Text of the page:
Early in life, most children learn that touching a hot stove or even being near a roaring fire can burn them. Whether conveyed via direct contact or rays of light zipping through space, the often painful lessons of heat transfer are as intuitive as they are unforgettable. Now, however, scientists have revealed a strange new way that warmth can wend its way from point A to B. Through the bizarre quantum-mechanical properties of empty space, heat can travel from one place to another without the aid of any light at all.
Generally speaking, heat is the energy that arises from the motions of particles—the faster they move, the hotter they are. On cosmic scales, most heat transfer occurs through a vacuum via photons, or particles of light, emitted by stars—this is how the sun warms our planet despite being some 150 million kilometers away. Here on Earth, heat flow is often more intimate, taking place via direct contact between materials and helped along by the wavelike collective vibrations of atoms known as phonons.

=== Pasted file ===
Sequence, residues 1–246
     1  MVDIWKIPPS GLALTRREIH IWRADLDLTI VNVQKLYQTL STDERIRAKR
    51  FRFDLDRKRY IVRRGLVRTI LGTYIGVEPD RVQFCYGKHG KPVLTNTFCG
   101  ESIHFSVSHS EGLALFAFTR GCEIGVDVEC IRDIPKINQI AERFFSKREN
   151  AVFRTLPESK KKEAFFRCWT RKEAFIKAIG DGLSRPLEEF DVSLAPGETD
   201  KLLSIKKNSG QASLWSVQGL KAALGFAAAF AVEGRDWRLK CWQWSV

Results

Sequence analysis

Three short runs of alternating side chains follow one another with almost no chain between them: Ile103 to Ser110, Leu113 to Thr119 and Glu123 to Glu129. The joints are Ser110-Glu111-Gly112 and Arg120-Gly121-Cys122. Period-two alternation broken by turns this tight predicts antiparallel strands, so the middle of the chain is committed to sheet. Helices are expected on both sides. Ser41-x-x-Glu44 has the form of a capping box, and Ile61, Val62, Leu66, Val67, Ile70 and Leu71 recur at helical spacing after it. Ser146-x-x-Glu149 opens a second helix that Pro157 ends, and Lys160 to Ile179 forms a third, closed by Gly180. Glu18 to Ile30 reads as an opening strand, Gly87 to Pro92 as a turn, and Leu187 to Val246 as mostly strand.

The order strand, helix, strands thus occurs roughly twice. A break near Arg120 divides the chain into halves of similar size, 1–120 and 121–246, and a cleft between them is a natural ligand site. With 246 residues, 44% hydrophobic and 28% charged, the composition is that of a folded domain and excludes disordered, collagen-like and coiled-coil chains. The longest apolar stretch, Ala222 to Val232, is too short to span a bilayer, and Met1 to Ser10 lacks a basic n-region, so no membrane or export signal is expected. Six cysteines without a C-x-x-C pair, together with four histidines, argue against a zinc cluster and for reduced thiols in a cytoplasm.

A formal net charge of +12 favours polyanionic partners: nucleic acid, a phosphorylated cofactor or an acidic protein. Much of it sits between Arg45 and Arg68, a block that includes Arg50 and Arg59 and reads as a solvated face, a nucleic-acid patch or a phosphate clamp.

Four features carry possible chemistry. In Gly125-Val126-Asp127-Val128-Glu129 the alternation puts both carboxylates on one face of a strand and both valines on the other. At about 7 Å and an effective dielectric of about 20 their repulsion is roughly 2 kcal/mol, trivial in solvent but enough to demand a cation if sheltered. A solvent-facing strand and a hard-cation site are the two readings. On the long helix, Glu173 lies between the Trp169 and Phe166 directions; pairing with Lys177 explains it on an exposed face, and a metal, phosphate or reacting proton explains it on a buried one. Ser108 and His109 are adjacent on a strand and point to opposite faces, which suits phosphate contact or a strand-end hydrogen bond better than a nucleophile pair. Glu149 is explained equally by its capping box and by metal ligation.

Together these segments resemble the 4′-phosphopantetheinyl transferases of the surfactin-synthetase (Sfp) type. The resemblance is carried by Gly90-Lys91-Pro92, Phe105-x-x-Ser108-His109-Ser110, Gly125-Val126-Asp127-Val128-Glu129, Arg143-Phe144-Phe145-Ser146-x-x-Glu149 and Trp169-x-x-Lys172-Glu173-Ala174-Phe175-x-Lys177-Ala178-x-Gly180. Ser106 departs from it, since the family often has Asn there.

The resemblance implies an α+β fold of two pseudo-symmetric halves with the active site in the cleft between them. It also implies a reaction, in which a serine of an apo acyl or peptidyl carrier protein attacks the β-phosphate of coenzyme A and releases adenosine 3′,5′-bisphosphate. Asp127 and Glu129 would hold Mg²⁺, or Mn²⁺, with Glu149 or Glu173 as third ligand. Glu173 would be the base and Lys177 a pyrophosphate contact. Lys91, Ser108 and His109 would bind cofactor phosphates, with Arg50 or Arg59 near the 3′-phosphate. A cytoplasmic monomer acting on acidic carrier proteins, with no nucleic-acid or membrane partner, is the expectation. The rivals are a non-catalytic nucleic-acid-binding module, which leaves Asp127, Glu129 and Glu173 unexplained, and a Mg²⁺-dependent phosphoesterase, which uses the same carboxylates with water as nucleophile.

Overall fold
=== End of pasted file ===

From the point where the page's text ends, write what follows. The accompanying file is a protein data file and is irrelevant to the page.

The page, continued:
Phonons, it was long thought, could not transfer heat energy through empty space; they require two objects to touch or, at least, to be in mutual contact with a suitable medium such as air. This principle is how thermoses keep their content hot or cold: they use a wall enclosing a vacuum to insulate an inner chamber. Yet scientists have speculated for years about the possibility that phonons might impart heat across a vacuum, enamored by the mind-boggling fact that quantum mechanics dictates space can never be truly empty.